4. Badminton replayed

The painting now known as The Badminton Game was originally called Remembering mine the loss is, not the blame, a title taken from the Thomas Hardy poem, She, to Him:

Remembering mine the loss is, not the blame,
That Sportsman Time but rears his brood to kill,
Knowing me in my soul the very same –
Once who would die to spare you touch of ill –
Will you not grant to old affection's claim
The hand of friendship down Life's sunless hill?

The final idea for the painting came to David Inshaw during a dinner party in Bath after a guest mentioned she had come across an old badminton set in her grandmother's attic. Inshaw had been searching for ways to complete an imaginary garden he had been developing, influenced by the landscape of Wiltshire. The Badminton Game is one of a number of works of this time influenced in particular by houses and gardens in Devizes. The painstakingly detailed Study for The Badminton Game represents the final stages in his perfection of this landscape and the naked figure was included to give an idea of the intended scale.

DAVID INSHAW Study for The Badminton Game, 1972
Study for The Badminton Game, 1972

Inshaw has written of The Badminton Game: 'It was the first picture I made that had a Devizes 'feel' about it, although the elements that go to make up the picture relate to some things that went on before I moved to Devizes in the autumn of 1971. I had moved to Devizes for a number of reasons, to get away from Bristol, a place I love, but the art school where I taught seemed to be taking more and more of my time and students were continually calling on Alf [Stockham] and me. I had got to know the Downs and the Vale of Pewsey by visits to Avebury and Stonehenge, and Marlborough for fish and chips on many evenings. We thought they were the best in the country.'

'I fell in love with the Downs and the Vale on my first visit. I felt as if history had been condensed to a moment by walking in the landscape about Devizes. The symbols and evidence of man, distant past all around me, gave me reassurance and confidence to develop the ideas that had just begun in me over the previous two years. I had made a number of pictures using the garden as a theme. I had also become very interested in the photographic image, and had started to take photographs of my own. I don't know why gardens; my great-grandfather was a gardener and I feel happy surrounded by trees. Trees inspire me very much, and fill me with wonder.'

'I think my main aim was to produce a picture that held a moment in time, but unlike a photograph, which only records an event. I thought a painting could give a more universal, deeper meaning to that moment, by composing one instant from a lot of different unrelated moments. I thought, as I only wanted an instant in time, it would take me a long time to paint this picture, so that everything is very carefully composed.'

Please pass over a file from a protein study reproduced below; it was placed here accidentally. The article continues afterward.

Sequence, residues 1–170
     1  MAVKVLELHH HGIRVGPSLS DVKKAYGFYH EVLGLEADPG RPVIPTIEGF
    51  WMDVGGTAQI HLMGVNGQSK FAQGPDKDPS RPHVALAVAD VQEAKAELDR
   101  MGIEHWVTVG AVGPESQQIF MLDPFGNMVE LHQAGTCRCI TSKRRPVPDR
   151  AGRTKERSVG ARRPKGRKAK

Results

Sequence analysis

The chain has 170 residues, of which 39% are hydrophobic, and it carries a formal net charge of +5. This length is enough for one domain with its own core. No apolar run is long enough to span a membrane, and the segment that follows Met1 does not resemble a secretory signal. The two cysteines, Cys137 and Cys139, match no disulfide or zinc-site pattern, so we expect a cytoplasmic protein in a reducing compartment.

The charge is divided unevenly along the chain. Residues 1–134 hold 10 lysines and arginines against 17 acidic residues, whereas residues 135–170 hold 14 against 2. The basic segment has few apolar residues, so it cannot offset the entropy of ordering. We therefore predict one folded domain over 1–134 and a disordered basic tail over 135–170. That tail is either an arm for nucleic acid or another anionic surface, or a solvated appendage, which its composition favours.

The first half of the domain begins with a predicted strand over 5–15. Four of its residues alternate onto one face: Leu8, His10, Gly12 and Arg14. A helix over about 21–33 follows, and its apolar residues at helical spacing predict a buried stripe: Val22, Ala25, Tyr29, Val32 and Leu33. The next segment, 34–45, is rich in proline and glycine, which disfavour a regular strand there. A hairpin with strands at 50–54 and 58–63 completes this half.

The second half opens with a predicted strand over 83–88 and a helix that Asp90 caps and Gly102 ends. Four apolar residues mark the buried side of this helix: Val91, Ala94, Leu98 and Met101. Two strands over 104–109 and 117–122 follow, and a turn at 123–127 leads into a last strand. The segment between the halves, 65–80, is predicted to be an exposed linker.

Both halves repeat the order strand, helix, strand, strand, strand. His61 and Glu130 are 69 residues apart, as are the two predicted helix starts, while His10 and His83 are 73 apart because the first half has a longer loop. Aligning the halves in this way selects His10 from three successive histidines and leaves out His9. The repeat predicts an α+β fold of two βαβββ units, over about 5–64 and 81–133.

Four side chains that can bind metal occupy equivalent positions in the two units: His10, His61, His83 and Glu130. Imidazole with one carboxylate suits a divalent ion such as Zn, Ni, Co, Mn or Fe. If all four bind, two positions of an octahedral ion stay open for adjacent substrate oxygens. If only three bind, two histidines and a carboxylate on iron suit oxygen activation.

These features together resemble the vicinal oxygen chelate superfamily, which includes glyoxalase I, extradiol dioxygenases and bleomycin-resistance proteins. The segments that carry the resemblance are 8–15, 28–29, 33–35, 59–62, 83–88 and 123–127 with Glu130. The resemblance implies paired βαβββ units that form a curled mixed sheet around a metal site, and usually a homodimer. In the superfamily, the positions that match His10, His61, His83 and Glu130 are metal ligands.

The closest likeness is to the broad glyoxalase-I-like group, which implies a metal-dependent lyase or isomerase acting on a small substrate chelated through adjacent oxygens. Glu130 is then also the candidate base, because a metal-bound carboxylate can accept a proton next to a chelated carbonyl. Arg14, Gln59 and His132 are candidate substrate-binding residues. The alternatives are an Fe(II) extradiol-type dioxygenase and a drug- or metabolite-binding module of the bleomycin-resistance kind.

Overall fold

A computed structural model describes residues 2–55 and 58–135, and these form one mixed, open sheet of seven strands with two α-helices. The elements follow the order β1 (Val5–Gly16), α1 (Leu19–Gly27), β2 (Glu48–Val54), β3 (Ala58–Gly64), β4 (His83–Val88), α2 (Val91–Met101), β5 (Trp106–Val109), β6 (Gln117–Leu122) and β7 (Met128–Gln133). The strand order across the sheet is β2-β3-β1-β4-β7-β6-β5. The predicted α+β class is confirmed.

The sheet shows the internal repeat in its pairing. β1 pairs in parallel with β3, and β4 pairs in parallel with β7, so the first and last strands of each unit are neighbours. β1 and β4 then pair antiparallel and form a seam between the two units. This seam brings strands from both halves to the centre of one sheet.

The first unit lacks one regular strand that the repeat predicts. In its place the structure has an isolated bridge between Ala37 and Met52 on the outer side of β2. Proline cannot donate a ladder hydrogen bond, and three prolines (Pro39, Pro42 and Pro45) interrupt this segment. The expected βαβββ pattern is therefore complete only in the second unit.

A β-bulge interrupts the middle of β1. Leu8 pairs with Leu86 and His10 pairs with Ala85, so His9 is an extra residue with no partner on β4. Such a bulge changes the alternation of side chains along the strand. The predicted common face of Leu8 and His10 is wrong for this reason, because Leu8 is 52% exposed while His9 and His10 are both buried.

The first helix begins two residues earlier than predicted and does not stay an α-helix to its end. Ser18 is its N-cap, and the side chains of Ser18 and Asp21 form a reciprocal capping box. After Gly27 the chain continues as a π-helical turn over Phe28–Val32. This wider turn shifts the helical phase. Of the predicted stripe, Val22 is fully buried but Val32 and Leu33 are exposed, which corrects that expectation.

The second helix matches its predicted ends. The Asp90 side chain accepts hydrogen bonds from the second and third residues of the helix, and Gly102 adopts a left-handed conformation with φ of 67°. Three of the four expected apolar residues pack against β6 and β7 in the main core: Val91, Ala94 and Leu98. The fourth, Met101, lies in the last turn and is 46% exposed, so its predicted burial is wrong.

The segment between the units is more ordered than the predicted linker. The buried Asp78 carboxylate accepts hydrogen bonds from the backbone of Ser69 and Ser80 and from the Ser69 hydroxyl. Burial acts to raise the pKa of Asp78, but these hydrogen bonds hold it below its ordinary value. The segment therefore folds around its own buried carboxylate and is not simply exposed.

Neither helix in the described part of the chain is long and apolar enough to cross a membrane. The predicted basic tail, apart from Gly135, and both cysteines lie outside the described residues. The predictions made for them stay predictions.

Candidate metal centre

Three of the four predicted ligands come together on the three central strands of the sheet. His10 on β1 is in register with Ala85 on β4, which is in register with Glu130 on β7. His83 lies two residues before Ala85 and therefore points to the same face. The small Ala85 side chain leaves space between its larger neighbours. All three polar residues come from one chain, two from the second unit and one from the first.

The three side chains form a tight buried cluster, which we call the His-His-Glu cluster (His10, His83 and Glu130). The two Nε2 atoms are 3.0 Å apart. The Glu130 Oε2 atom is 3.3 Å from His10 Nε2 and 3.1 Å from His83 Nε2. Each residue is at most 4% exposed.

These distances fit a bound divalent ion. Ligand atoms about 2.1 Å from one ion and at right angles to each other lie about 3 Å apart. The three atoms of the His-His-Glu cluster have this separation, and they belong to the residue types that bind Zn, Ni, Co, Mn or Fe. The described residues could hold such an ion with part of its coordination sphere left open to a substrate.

DAVID INSHAW The Badminton Game, 1972-73
The Badminton Game, 1972-73

'For some time I had thought of painting as a way of bringing order to the chaos I saw about me and felt inside me. The more chaos I felt, the more order I desired in the pictures I made. I had been living in Devizes for nine months when I began the picture, and had got to know and understand the place a little. I was excited by the warm red brick of the Georgian houses in the town against the early morning spring skies. I had to be up early to go and teach in Bristol, and usually left Devizes at 7:30, and came back to late evening skies. This, with the trees and gardens I could see from the house, gave the colour scheme for the picture.'

'While I was making the drawings for this picture, I had in mind a favourite picture at the National Gallery in London called The Combat of Love and Chastity [Gherardo di Giovanni del Fora, circa 1475-1500] which I have loved for many years. It has, to my mind, the quality I was seeking to bring to my own work. It is the moment held in time, as if you are aware of before and after, as if a film had stopped on a single frame, and you are aware, in that instant, of the emotion of all time. This is very difficult to explain. It's what I still try to do now, because I think it is everything in painting pictures, and I look for it always. To isolate in time and space things that would normally disappear under the awful impact of other values. I wanted to pin down a moment, make it go on living, I wanted to be particular and yet general. I wanted to be excessive and yet modest. I wanted the picture to contain all my feelings and thoughts, happy thoughts as well as sad, full of waking dreams and erotic fancies. I wanted the painting to be of this world and of the world of daydreams.'

'All the while I was working on this picture, workmen were in the house, and everywhere was very uncomfortable and cold. I worked in one tiny room at the top of the house three or four days a week, drawing and redrawing the composition for the painting until everything seemed to be in its correct order. Everything in the picture is taken from near my house in Devizes and rearranged into its right place. I changed everything I used in the picture in order to increase the mystery and wonder I felt all around me in this magic place.'

'I was very much in love with the two girls, and I tried to paint them beautifully and in strong sunlight, so they would know how much I loved them, as if they were being blessed by the sun in the clear, early morning air. The sky has patches of mackerel sky which forecast rain and hence foreboding, but it's a very hopeful picture and only slightly disquieting because I was discovering all about Wiltshire (but not so much about women).'

The text above is an edited extract from 'The Tate Gallery 1980-82: Illustrated Catalogue of Acquisitions', published in 1984.